However, it was right around this time that these reports were published that the aforementioned research by Dr. Omalau and Dr. McKee on CTE came to light. It should be noted that the Tagliabue-founded mTBI Committee did not discover any cases of CTE in NFL players, and that the league’s “official stance denied any increased risk of suffering injury after a concussion74.” In fact, the mTBI Committee had limited CTE cases to being reported “only in boxers and a few steeplechase jockeys75.” When Dr. Omalu concluded in an article written in 2005 for Neurosurgery that CTE brought on by multiple concussions partially caused the deaths of the three previously mentioned players’ brains he had studied, the NFL wrote a letter to the editor of the publication asking Omalu’s article to be retracted76. The NFL and its mTBI Committee claimed that Omalu had “misinterpreted and misapplied the applicable medical literature on CTE,” and questioned the amount of medically defined “traumatic” blows to the head that offensive lineman actually take77. This was in the face of multiple doctors finding Omalu’s football-CTE theory to be plausible and consistent with the similarities between football and boxing, as that was the sport most commonly associated with CTE78.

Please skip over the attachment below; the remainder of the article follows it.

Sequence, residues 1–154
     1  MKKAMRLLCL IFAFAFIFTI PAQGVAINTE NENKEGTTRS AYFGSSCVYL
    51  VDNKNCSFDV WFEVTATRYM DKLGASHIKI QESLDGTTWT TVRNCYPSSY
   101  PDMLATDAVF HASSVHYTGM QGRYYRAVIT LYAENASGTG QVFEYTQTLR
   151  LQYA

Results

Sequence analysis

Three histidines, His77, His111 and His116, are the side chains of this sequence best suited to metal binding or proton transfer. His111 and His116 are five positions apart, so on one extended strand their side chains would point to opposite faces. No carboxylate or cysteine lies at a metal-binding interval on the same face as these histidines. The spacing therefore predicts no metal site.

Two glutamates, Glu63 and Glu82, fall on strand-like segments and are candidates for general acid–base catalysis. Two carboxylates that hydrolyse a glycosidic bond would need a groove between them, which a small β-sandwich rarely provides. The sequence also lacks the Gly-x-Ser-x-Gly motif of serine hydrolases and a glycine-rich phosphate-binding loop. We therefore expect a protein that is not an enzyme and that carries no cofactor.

This would not be the first time that the NFL would attempt to dispute the football-CTE theories, thus providing support to the plaintiff’s allegations of negligence and denial on the part of the league. Also in 2005, Dr. Kevin Guskiewicz performed studies finding that former players who had suffered three or more concussions throughout their playing careers had “a five-fold prevalence of cognitive impairment79.” Three years later, Dr. McKee found CTE in the brains of two more former players who had recently died80. Similar to when Omalu’s research was published, the NFL was again highly critical of the two studies. The league mandated that there was “no magic number” as to how many concussions was too many and that each study was merely an “isolated incident81.” It was only in 2007 that the NFL acknowledged the true severity of concussions and began to modify rules to protect the current players, and not until 2010 when the league began warning current players of the long-term risks that come with suffering multiple violent blows to the head82.